However, the Serb refugees returning to the village of Pozarnica, a majority Serb village before the war, are very concerned. During the last few months several tenths of them have been working on clearing up the ruins in the village. In a visit to this devastated villages in the foothills of Majevica Mountain it is easy to notice that only a few of the destroyed houses have a wall standing. On others, skeletons of houses, only a brick or two clings to the lonely concrete pillars, left over after the demolition of the houses with explosives. "The stuff that's left is too loose, so that it is impossible to build on top of it," says Krsto Dragic, pointing at his former two floor house, of which only the support columns, a staircase and concrete floor remain. He is one of the group of six refugees who have recently been visiting their ruins from Bijeljina. They have reported for return, so that one (they do not know which one) Swedish organization promised to deliver them material for the construction of houses. Krsto Dragic mentions that one Bosniak had offered to buy his plot for a very low price. "This is a good spot, by the road, so that I would try to start some sort of a business, if possible. If not, it'll be easy to sell later," says Krsto. Nemanja Mitrovic has already built a house for himself in Bijeljina, and he intends to set up a vacation home of some sort, but he does not know how he will build it, as the Swedes only provide construction material, while the returnees have to pay for the clearing of the ruins and construction on their own. "I will need at least $5,000 to clear the ruins and build a house half the size of the one I had before the war," Nemanja calculates. Other returnees are in a similar position. Elderly Mijat Lekic hopes to "cooperate with someone". If he ever builds a house he will return with his wife, and their son will remain in Lopare in a rented apartment. "I do not know how I'm going to survive here. Hopefully I will be able to get a pension in Tuzla. I cannot live from the current one [from the Republic of Srpska]. It will be equally impossible to live on the one from Tuzla, but there's nothing else left to do," says Mijat. He and middle-aged Milan Jovanovic are afraid that Bosniaks from the nearby villages will steal their construction material once it arrives. "They have already cut my forest. If the lot from the city hall do not do anything to help us protect the material, the only thing left to do is to put bricks in our pockets and go sleep in Bijeljina," says Milan.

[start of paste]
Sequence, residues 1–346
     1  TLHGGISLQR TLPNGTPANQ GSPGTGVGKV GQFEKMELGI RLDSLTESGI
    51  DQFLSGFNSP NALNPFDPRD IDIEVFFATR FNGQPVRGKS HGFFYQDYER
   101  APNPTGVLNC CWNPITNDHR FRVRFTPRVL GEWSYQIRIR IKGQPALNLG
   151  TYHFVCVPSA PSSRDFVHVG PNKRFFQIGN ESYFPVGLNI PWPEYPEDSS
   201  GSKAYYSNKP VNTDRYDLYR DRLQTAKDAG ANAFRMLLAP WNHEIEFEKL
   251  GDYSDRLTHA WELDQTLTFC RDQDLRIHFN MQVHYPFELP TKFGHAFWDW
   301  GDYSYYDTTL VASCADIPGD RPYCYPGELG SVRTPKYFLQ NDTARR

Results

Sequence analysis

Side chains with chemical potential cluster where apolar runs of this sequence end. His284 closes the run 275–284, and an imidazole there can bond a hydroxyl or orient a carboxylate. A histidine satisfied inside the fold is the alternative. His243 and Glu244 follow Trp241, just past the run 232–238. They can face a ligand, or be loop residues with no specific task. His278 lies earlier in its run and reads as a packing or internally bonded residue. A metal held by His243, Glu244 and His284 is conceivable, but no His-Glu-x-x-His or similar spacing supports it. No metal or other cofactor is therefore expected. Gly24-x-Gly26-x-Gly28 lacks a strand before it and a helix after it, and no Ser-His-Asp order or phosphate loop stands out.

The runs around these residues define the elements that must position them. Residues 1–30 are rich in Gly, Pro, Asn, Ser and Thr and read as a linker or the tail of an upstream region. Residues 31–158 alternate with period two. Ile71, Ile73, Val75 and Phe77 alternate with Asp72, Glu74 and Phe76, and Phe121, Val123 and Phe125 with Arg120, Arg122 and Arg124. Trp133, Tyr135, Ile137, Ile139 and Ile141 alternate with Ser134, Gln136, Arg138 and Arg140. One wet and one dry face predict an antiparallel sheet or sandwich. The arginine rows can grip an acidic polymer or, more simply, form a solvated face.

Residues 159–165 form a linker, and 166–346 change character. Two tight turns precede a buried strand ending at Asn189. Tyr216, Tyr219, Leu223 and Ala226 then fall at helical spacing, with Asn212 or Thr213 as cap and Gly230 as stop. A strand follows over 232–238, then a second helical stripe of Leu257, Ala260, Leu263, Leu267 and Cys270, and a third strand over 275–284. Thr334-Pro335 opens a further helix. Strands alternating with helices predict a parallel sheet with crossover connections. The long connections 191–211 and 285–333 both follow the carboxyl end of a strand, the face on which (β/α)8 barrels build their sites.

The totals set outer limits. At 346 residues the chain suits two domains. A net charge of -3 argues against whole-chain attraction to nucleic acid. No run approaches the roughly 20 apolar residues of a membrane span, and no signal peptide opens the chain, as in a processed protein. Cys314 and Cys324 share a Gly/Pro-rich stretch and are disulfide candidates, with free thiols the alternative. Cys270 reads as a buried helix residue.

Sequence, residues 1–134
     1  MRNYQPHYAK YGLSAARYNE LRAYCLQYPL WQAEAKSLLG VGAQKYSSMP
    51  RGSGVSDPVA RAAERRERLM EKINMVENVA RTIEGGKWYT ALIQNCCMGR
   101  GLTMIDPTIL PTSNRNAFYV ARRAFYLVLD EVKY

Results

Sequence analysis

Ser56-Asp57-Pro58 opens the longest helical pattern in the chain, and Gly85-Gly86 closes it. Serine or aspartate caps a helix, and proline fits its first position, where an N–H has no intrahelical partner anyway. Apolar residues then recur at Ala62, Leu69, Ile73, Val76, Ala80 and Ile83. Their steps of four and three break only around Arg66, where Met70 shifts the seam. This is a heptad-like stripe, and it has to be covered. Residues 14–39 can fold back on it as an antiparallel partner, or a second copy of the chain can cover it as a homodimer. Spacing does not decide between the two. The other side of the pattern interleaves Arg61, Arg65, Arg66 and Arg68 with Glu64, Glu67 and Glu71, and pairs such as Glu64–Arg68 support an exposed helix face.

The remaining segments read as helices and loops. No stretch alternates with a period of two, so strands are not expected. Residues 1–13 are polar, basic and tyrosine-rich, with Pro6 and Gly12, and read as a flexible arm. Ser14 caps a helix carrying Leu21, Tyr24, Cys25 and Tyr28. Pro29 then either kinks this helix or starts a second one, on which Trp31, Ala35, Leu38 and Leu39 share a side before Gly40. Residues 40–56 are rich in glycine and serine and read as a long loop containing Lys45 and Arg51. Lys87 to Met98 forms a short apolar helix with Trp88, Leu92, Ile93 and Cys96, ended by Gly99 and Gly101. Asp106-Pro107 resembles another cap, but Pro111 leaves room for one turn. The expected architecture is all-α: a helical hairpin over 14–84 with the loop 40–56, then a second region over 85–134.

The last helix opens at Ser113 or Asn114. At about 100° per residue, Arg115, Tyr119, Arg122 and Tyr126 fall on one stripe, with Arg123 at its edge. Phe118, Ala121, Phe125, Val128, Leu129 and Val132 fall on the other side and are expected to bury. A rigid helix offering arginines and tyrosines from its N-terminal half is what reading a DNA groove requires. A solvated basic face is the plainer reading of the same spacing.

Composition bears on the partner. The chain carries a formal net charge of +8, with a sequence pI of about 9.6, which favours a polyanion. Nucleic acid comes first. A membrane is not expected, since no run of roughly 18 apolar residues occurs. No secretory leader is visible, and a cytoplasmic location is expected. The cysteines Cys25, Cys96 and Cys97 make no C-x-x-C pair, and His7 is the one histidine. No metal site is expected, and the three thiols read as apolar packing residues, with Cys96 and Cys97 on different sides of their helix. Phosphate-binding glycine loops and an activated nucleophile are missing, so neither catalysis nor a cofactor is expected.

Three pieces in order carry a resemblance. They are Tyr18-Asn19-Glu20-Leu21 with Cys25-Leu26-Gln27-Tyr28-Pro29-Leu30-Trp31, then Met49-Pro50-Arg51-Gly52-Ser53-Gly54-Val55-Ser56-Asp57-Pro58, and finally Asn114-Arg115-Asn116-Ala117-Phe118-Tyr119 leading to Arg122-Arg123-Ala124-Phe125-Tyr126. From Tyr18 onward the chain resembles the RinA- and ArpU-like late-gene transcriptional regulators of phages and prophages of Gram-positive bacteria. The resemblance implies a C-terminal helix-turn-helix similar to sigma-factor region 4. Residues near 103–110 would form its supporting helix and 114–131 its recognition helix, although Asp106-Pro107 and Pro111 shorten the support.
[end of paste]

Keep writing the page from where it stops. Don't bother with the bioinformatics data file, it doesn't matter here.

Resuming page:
Thirty-years-old Predrag Ceketic, married, with two children, is totally at loss. "I have been threatened with an eviction in Bijeljina, and I haven't applied for assistance in construction material. No one can guarantee anything in the city hall. I have a bit of land behind the house, but I do not dare go there without an official of some sort [fearing landmines]," says Predrag. He survives this way and that. Trade on the market, "other temporary jobs". What does he see in his future? "What future?" he says as if no one had asked him that question before.